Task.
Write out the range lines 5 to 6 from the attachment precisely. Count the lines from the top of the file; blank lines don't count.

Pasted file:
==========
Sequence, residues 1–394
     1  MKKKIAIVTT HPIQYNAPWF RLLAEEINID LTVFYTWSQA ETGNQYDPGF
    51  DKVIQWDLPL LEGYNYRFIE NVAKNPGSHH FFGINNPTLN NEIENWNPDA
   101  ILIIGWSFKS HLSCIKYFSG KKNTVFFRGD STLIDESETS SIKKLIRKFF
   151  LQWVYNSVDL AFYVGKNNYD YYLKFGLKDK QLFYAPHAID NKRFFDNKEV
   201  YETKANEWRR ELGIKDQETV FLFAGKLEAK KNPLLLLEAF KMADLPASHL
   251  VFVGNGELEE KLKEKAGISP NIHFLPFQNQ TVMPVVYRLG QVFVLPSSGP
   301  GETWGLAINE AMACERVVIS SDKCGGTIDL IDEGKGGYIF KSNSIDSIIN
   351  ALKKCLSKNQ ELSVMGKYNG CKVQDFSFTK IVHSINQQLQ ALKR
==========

   151  LQWVYNSVDL AFYVGKNNYD YYLKFGLKDK QLFYAPHAID NKRFFDNKEV
   201  YETKANEWRR ELGIKDQETV FLFAGKLEAK KNPLLLLEAF KMADLPASHL